Film Reviews

Polar: John Wick Made By Netflix Algorithm

Polar, a Netflix Original about a retired hitman forced to fight back when his old boss and co-workers come gunning for his pension, plays great as a trailer and certainly holds your attention for a good chunk of its running time before the novelty wears off. In the end, it seems to have been run through the streaming giant’s proprietary algorithm and fine-tuned to combine as many recognizable story elements as possible while also going much further with it than anyone would rightly expect. If there’s a line something like John Wick or Eastern Promises won’t go past, Polar jumps over it with coked-out abandon.

John Wick’s so mad because they killed his dog? Whatever. Our assassin played by Mads “Hannibal” Mikkelsen actually kills his own dog on accident (translation: quick trigger finger) after having a PTSD nightmare! And you know what? He’s totally cool with it. Buries the dog with no fuss.

Remember how violent Gareth Evans made everything in The Raid 2: Redemption? Well, just wait until you see Mikkelsen get a hold of a nail gun.

Is everyone still talking about Viggo Mortensen going full frontal in Eastern Promises’ epic knight fight in that Turkish Bathhouse? Really? Whatever. Our assassin rolls around completely naked in a log cabin and takes down a team of assassins attacking him from all angles. But, wait, there’s more – the also totally nude woman he was just having aggressive sex with is secretly one of the bad guys. So, he has to fight her off too.

The filmmakers might choose to call it Polar, but the algorithm has a different name: GCTC, or Guaranteed to Cut Through the Clutter.

That’s probably why a minute into Polar, it feels like you’re watching a rap video, with an aerial camera shot overlooking an oceanside palace before quickly zeroing in on a poolside couple. We gawk at Ruby O. Fee’s every scantily-clad body part as she attempts to entice a coked-out-of-his-mind Johnny Knoxville into sex. Three minutes later, Knoxville has bullet holes in his head and chest as the result of a startling outburst of violence. A stylish, multi-ethnic group of assassins, including Fee, who turns out to have been the honeypot in this scenario, dance over his body like they’re live-action Fortnite players.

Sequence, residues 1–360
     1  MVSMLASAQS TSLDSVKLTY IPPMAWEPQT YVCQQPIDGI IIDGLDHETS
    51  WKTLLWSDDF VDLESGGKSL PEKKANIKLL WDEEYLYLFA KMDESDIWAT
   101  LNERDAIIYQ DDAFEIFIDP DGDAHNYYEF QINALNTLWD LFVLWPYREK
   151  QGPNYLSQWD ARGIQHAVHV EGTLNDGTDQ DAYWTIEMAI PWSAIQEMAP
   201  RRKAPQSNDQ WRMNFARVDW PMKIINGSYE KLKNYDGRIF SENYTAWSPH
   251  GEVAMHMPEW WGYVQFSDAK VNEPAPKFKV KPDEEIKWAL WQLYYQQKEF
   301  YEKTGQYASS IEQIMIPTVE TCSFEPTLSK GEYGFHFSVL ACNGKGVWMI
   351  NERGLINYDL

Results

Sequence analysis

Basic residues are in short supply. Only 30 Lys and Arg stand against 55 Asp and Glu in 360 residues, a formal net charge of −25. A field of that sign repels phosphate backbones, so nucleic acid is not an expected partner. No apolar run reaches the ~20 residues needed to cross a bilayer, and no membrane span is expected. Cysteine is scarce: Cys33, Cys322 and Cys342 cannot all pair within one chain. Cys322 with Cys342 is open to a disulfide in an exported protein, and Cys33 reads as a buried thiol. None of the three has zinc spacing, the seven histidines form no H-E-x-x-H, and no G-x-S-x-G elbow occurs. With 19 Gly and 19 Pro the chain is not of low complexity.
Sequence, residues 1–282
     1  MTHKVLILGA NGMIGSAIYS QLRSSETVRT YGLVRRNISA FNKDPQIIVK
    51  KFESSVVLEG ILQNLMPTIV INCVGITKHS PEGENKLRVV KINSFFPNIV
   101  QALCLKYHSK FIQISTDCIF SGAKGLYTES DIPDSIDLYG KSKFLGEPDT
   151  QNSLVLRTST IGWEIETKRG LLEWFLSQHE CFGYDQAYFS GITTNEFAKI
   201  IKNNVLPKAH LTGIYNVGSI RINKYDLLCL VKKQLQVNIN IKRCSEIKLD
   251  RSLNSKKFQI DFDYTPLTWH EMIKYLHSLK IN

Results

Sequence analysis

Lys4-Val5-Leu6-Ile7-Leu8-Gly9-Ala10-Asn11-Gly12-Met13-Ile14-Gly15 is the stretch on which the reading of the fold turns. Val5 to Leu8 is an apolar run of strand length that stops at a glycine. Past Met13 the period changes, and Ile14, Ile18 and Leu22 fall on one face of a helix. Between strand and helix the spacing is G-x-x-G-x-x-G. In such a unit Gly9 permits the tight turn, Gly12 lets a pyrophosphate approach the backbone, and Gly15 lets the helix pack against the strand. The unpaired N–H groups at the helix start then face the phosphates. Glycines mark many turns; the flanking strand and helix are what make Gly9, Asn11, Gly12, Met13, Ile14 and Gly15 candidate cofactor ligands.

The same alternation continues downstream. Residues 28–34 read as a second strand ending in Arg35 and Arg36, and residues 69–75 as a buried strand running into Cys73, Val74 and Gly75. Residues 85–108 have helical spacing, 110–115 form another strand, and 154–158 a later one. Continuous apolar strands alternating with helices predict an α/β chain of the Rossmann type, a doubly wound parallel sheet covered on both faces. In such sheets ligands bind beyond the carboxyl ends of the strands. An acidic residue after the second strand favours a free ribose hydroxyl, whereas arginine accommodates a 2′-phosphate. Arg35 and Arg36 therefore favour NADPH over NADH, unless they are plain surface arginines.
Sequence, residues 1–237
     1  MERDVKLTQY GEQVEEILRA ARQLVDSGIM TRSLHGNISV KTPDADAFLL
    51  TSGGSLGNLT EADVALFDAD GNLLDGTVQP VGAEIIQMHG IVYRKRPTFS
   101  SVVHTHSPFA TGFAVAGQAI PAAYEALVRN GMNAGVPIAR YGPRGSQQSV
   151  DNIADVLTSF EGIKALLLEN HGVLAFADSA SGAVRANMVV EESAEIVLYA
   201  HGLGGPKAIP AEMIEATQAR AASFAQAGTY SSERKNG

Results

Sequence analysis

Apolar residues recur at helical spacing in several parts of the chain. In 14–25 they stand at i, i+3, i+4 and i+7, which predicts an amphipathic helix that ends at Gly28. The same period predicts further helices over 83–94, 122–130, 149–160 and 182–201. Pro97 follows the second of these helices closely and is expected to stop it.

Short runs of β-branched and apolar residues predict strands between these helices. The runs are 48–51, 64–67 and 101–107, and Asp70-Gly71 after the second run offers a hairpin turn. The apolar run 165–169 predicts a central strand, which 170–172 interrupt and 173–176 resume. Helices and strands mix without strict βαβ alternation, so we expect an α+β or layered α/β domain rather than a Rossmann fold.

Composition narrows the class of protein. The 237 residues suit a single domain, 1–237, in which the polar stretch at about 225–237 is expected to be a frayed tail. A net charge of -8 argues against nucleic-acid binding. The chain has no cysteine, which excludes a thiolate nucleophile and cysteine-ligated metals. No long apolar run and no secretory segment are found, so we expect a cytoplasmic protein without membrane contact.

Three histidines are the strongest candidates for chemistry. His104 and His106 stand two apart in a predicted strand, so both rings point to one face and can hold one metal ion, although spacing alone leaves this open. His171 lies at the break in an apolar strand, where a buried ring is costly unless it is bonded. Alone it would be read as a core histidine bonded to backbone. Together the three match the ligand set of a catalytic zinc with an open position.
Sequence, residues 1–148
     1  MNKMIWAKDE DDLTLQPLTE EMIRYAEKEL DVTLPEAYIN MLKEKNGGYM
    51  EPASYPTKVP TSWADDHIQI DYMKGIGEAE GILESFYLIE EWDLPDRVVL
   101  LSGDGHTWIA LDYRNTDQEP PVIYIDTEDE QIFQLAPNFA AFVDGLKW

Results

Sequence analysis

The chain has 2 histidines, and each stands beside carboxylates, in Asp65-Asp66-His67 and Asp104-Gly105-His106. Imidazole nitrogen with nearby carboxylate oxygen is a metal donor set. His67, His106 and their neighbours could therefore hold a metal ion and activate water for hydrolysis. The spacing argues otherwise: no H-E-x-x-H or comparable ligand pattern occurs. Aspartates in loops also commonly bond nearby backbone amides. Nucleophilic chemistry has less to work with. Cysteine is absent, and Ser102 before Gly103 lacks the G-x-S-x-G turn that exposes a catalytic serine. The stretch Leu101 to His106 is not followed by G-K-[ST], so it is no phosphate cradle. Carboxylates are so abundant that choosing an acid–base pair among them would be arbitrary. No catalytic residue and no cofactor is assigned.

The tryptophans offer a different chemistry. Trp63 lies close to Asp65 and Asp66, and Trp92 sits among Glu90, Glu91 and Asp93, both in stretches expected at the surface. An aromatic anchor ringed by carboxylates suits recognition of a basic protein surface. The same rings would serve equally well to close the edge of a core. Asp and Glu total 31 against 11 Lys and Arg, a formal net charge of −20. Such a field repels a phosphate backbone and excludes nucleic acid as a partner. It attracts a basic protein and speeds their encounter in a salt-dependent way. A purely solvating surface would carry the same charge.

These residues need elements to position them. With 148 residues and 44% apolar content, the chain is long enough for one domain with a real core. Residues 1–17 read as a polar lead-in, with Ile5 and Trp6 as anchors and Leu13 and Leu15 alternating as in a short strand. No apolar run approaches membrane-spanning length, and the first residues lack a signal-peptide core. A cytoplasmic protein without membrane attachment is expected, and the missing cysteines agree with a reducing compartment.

It’s an instant jolt of energy as if an entire film just took a giant hit of Nicolas Cage’s LSD from Mandy. It’s less movie, more music video because…

Oh, shit, this is one of those all-style, no-substance first features from a former music video director, isn’t it?

Actually, not quite. Though most known for music videos like Madonna’s “Ray of Light” and more recent efforts from Taylor Swift, Beyonce, Kesha, and U2, Polar director Jonas Åkerlund has made several feature films, running in tone from black comedy (2012’s Small Apartments) to thriller (last year’s Lords of Chaos). So, he’s not exactly a newcomer still figuring how to properly balance visuals, style, and story.

The reason you might think otherwise is that Polar is based on a dialogue-free webcomic series (Polar: Came from the Cold, pictured above) which was drawn in just three colors – black, white, and orange-red. The challenge of giving the story actual dialogue and bringing more color to the stylized imagery proved too tempting for Åkerlund to pass up, with the assistance of Jayson Rothwell’s script which injects quite a bit of black comedy into the noir.

However, there’s something perfectly poetic about that: A story so basic it needed no dialogue. A music video director who happily says things like “I have about 4 billion hits on my music videos on YouTube, and I’m really proud of that. That’s what it’s all about for me as a director” in interviews. And the Netflix algorithm making sure everyone talked about the movie for at least a week, although everyone seems to have already moved on and forgotten about it.

The result: You probably won’t care about Mikkelson’s quest to save his meek neighbor (Vanessa Hudgens), but you’ll definitely remember the part where he does the “I once caught a fish this big” trick from Dave but with robot arms capable of mowing down an entire warehouse of assassins. In the end, this is an all-style, no-substance graphic novel brought to life, glorious to look at, often a wonder to behold, but shallow and forgettable even with all of its extremes.